Views Science as Techno-Magic: Thor represents the misconception that enhancement is closer to a magical cure-all than a scientific pursuit. Science fantasy like a pill that will let you live forever (i.e. the golden apples of Idunn) comes to mind. Forget actual genetics and biology, for those who view transhumanism through the lens of The God, science may as well be magic.

The Hopes: Thor sees himself as protector. The difference in race is not a reason to subjugate humans but instead creates a duty to defend them. Asguard and its ruler, Odin, hold Asguardians to higher standards of ethics and morality because of their superior abilities. In this aspect, The God represents the hopes surrounding moral enhancement.

Bottom Line: Thor, The God, represents the view that enhancement will lead to an ideal. The fear is that the ideal is based on physicality and race, the hope is that the ideal is based on morality and ethics. The God is torn between seeing biological superiority as a license for cruelty and as a duty to protect those unable to protect themselves.

Iron Man

Iron Man represents The Robot. Tony Stark is an alcoholic genius playboy who saves his own life by installing a reactor into his chest that also happens to power a mechanized exoskeletal war-suit. He represents external enhancement through prosthetic and computer augmentation. Without the suit, Stark is just a very flawed human being.

The Fears: Tony Stark is the most frighteningly human of all the Avengers. He is a drunk, a jerk, a slut, and astoundingly arrogant. Though he invents the suit, he is also utterly dependent upon the arc-reactor that powers it to keep himself alive. Alternatively, when he is in the Iron Man suit, he’s trying to be clean and be a good guy. And that’s when Stark seems the least like himself. The suit that makes him a hero also flattens his personality.

The other fear is related to how the Robot reflects science as a pursuit of the wealthy individual. Tony Stark doesn’t build a fleet of suits for the elderly or disabled. Nope, just one really amazing suit for himself – a sovereign entity by virtue of his riches and knowledge.

Views Science as Gizmos and Gadgets: Stark is a tycoon. The Robot represents science as a product of the individualist. Transhumanism will be a capitalist pursuit in which we mechanically upgrade ourselves like computers and cars.

The Hopes: Stark, the living embodiment of the military-industrial complex, rejects warmongering for peacemaking. Furthermore, his invention saves his life and enables him to move beyond his personal demons. In the films, the Iron Man suit is the result of a near-death experience and an exposure to the emptiness of his vice-riddled life. His personality isn’t flattened, it’s elevated. Thus, the Robot represents the hope that only the negative aspects of our personalities will be brought under control.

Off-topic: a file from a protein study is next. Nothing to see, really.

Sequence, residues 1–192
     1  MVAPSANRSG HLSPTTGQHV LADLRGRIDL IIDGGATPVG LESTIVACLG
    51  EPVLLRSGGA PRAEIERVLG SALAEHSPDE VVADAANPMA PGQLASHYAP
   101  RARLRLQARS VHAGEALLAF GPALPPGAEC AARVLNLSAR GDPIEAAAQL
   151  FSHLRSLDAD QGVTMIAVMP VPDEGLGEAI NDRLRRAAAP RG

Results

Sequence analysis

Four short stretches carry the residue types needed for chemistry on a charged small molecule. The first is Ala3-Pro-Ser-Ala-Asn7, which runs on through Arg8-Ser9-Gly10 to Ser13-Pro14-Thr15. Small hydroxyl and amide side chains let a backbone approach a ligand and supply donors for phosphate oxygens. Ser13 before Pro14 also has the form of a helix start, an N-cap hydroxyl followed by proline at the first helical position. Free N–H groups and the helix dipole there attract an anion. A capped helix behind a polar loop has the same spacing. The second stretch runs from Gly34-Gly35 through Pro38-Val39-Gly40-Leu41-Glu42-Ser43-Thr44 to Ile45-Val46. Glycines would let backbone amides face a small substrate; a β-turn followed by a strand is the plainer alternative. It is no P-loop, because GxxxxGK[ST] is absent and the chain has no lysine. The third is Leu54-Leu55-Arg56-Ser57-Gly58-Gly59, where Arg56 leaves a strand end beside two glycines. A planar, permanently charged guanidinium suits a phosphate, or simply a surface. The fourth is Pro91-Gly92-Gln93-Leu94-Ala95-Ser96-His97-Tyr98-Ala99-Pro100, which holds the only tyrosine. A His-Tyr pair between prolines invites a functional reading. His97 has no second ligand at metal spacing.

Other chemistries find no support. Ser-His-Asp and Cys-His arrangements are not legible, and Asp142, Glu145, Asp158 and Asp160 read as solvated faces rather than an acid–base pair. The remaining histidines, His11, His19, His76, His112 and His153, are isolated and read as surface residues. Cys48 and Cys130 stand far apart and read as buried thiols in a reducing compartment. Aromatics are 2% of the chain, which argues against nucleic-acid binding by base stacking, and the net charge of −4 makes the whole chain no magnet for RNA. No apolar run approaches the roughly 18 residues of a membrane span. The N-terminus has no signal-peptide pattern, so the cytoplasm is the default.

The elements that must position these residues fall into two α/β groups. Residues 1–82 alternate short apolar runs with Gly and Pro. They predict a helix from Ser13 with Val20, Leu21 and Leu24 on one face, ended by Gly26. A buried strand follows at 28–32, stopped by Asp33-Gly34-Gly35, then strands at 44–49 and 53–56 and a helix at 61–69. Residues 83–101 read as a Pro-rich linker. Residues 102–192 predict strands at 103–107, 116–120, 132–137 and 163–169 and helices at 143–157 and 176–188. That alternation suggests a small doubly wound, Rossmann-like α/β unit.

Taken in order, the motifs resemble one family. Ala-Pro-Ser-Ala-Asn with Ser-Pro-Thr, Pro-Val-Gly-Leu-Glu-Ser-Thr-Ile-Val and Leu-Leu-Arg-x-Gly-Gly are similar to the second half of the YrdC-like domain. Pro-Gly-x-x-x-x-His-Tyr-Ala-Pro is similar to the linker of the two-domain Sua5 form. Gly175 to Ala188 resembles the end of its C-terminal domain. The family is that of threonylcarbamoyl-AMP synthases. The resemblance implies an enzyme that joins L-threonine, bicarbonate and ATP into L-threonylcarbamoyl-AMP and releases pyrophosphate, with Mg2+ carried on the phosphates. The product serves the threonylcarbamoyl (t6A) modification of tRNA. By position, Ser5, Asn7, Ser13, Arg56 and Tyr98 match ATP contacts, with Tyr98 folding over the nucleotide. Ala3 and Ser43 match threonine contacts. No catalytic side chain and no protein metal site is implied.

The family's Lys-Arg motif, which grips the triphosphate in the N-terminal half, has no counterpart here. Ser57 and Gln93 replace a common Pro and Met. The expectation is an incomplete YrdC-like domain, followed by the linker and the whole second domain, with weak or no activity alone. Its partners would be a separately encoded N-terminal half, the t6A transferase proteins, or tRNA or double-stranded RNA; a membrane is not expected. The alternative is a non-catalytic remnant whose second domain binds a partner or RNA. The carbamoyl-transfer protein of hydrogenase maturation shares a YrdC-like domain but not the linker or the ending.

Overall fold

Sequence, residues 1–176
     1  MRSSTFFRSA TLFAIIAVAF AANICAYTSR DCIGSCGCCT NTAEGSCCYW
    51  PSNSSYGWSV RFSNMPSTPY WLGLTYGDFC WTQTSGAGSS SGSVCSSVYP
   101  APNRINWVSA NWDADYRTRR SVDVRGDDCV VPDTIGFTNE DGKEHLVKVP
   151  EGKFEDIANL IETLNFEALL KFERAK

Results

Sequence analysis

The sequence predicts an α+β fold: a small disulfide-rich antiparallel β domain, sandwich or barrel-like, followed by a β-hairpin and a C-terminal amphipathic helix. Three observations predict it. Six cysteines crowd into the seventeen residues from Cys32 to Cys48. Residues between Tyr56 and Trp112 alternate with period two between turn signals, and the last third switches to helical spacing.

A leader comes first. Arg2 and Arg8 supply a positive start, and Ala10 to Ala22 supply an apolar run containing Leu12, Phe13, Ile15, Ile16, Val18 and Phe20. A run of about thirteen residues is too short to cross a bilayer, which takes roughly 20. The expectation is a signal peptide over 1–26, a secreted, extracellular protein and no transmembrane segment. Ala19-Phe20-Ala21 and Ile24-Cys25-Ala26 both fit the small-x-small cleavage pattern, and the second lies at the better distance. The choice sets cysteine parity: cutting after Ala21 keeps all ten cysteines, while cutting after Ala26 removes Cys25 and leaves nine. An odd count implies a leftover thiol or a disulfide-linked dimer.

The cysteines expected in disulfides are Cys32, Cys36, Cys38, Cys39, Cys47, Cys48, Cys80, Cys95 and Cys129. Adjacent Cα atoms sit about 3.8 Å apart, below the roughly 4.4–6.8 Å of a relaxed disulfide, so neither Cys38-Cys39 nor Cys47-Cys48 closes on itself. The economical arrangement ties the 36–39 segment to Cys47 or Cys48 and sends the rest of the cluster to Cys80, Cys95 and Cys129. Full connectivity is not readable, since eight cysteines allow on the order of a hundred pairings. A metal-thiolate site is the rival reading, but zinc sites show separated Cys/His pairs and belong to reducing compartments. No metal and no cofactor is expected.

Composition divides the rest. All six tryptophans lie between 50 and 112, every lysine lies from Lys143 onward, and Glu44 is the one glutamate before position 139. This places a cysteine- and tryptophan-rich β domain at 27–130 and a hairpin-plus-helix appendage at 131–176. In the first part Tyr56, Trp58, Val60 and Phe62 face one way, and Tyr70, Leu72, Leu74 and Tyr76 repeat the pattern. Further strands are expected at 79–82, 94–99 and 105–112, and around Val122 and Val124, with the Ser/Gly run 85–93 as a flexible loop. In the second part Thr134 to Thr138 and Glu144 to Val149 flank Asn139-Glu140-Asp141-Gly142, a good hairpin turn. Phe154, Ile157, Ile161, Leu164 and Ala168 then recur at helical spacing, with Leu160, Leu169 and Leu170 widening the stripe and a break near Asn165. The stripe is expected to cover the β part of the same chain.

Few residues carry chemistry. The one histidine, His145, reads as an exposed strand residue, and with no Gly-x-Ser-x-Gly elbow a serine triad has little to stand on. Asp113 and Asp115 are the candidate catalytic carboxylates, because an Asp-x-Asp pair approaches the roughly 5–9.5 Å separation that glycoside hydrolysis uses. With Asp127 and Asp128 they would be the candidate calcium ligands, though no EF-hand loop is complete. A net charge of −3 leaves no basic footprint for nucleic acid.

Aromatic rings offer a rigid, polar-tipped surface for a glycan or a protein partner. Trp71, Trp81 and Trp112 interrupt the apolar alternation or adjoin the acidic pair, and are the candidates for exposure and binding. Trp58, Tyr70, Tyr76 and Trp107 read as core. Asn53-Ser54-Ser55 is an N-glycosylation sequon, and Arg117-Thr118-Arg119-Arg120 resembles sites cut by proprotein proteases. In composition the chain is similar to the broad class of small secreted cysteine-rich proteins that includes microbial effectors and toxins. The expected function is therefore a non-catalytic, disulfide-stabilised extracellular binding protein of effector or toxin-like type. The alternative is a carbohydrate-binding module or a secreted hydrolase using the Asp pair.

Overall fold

Bottom Line: Iron Man, the Robot, represents the view that transhumanism will trade biology for engineering. The fear is that our human qualities will be repressed for the sake of the “good” of society, resulting in bland automatons. The hope is that enhancement will not quell the human spirit but create a sense of duty to a higher calling. The Robot is torn between personal desires and societal needs.

Captain America

Captain America represents The Soldier. Captain America, taken purely as an example of enhancement, represents the ideal. He is slightly better than the best human in any category: strength, smarts, endurance, and health. The result of a one-off experiment (as is his shield), Captain America takes his sworn duty to protect the Constitution against enemies foreign and domestic seriously.

The Fears: Captain America is a hyper-nationalist soldier. His name is Captain America for chrissake. Forget the latent fears of racism you associate with Thor; Captain America only loves you if you love America. Furthermore, he’s a product of a military experiment. By nature and design, he’s a warrior and sees violence as a solution.

Views Science as a branch of the Military: Captain America is government property. The Soldier represents the view that scientific progress is something that happens behind closed doors and in secret. Or at least at the whim of our elected officials. The benefits are used to keep citizens “safe,” but not to better the citizens themselves.

The Hope: Captain America is a perfect human. Not superhuman, but a Homo sapiens sapiens with all his stats maxed out. He isn’t tortured by a sordid past, he doesn’t really have vices, and is a good guy through and through. He represents what enhancement could really be and what it might look like, instead of the caricature of enhancement portrayed by the other Avenger archetypes. He isn’t American only, so much as he is a defender of our dearest values: liberty, truth, and justice.